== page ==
Nobody wants to pay alimony, and not all spouses want to receive it. However, if the legal conditions are ripe for an alimony payment -- and the less-moneyed spouse wants to pursue it -- then spousal maintenance payments could be an issue in a divorce.
Divorce is often harmful for both parents and their children. If divorcing parents do not take great care to protect their children, those children may carry deep emotional wounds for many years, and the parents’ relationships with them may never fully recover. Most likely, you know individuals who still struggle with the emotional baggage of their parents’ divorce, or you may struggle with these things yourself.
When you're headed toward a divorce, the necessity of that process may be the only thing you and your spouse can agree on. You may both have different expectations for the asset division process and different desires for the parenting or custody arrangements for your children. If you're both seeking primary physical custody, the courts will end up making key decisions about parenting.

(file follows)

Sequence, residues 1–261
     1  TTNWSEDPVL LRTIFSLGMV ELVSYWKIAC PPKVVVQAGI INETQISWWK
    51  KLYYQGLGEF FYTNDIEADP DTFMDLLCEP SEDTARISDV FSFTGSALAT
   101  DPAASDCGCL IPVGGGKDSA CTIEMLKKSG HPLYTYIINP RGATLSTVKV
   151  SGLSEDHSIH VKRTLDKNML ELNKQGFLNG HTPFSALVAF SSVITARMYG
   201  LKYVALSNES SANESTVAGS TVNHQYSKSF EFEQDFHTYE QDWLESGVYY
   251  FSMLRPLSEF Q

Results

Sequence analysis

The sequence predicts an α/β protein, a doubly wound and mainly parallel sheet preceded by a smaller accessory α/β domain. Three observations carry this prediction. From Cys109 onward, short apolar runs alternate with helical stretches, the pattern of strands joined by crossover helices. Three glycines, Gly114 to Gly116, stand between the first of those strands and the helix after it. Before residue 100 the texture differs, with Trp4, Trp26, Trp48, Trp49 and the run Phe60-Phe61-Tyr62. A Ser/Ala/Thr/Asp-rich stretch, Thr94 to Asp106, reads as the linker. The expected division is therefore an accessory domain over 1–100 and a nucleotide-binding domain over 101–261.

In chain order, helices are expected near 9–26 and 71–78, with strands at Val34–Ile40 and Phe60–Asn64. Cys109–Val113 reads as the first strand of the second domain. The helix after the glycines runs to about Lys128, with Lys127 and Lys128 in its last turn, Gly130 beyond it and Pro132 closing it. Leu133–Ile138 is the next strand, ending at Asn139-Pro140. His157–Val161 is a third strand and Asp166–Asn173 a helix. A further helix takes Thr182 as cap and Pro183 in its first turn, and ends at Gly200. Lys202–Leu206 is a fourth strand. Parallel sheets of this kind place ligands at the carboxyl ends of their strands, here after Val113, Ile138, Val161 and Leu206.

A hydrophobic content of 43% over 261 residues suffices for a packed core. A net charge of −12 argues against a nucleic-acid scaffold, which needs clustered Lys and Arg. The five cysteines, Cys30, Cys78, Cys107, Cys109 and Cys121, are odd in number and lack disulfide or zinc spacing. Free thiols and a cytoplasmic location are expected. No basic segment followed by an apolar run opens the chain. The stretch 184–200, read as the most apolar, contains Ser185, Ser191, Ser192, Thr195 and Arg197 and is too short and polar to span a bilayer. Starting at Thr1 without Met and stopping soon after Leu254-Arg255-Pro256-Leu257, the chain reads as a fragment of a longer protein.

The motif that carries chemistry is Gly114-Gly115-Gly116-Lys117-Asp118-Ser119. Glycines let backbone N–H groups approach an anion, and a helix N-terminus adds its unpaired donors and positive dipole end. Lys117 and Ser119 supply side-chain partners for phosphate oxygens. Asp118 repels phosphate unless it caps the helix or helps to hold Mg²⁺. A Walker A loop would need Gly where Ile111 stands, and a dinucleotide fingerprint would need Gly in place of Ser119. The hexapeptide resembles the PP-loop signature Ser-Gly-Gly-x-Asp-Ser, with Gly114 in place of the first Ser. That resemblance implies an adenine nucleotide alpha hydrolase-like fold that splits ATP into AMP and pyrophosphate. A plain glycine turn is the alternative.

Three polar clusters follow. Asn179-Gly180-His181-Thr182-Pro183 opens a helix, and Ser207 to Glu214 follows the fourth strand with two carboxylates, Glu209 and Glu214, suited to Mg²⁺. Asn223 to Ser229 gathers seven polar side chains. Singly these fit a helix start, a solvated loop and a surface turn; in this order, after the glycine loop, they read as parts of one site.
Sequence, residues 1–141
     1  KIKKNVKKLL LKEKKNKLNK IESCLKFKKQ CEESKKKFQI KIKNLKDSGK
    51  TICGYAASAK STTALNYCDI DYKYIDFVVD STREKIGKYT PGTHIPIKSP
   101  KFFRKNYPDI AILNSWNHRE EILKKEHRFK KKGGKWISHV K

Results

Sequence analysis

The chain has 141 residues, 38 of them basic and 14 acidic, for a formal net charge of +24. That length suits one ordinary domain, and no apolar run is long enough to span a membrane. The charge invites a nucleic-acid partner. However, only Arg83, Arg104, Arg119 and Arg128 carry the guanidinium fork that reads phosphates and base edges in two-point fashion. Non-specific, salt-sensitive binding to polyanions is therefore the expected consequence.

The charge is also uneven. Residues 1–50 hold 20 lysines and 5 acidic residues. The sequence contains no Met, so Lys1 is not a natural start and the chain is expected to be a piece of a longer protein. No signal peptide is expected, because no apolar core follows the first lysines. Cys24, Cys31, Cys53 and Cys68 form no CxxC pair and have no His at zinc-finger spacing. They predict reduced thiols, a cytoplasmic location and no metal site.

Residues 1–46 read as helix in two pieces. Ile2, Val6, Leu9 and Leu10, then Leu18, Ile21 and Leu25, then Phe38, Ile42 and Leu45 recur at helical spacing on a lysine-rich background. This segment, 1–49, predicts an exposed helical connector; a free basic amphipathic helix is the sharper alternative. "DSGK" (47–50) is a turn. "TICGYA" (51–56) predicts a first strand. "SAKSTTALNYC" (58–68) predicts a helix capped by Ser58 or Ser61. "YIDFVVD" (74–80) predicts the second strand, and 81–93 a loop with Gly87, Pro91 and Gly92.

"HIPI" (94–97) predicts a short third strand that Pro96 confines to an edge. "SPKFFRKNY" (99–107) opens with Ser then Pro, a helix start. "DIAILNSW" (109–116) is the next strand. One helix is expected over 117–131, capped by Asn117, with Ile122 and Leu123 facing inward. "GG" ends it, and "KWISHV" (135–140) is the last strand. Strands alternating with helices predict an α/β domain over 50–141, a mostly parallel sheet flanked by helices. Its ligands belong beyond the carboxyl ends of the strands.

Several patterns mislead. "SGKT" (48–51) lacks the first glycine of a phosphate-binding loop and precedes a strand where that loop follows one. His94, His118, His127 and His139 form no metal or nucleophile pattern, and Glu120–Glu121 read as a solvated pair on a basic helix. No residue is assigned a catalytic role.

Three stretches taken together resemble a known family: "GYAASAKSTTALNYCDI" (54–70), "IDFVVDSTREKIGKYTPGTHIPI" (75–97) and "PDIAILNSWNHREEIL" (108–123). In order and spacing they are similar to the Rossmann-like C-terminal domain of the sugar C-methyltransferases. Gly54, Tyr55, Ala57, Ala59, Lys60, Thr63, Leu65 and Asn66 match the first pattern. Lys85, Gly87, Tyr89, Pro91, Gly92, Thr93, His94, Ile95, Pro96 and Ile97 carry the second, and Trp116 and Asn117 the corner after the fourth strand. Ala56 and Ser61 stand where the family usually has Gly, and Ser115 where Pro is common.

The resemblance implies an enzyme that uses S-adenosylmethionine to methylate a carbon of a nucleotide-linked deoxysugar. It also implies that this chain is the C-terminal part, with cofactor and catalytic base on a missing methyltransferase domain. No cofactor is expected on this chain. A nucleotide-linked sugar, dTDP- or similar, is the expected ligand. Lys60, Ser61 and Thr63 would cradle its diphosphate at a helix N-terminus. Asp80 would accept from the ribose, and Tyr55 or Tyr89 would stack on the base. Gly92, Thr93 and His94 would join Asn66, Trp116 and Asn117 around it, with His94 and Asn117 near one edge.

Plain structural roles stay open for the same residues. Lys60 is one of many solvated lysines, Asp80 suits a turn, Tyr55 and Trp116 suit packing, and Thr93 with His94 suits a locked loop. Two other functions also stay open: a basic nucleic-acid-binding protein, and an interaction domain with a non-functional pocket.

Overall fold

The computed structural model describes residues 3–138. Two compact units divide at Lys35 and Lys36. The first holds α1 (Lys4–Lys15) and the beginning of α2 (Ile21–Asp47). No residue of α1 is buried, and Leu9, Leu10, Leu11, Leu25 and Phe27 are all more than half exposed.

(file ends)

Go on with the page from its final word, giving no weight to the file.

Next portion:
As a father, you may face a number of child support obligations if you divorce your child's mother. Beyond child support and possible alimony obligations, you will have some portion of responsibility for any medical expenses that the child incurs.
Being a co-parent means that you still have to take your ex-wife's needs into account when child custody decisions need to be made. On top of this, you have to think about other scheduling issues like holidays and school schedules.
Every divorce is unique, just like each marriage is comprised of unique people. Predicting the outcome of a contentious divorce isn't always easy. There are certain factors that have to be considered on a case by base basis.
You love your children. You take pride in being a great father. You enjoy teaching and nurturing your children. Unfortunately, you and your spouse have decided that your marriage will not work out. The two of you have come to the conclusion that it is best to divorce. You know that this is the best thing for the two of you, but you worry about your relationship with your children.
In a divorce, one of the biggest issues is the family home. Who will stay and who will go? In most cases, one spouse stays and the other moves out. The children end up being shuttled back and forth between the parents' places, never really getting settled anywhere.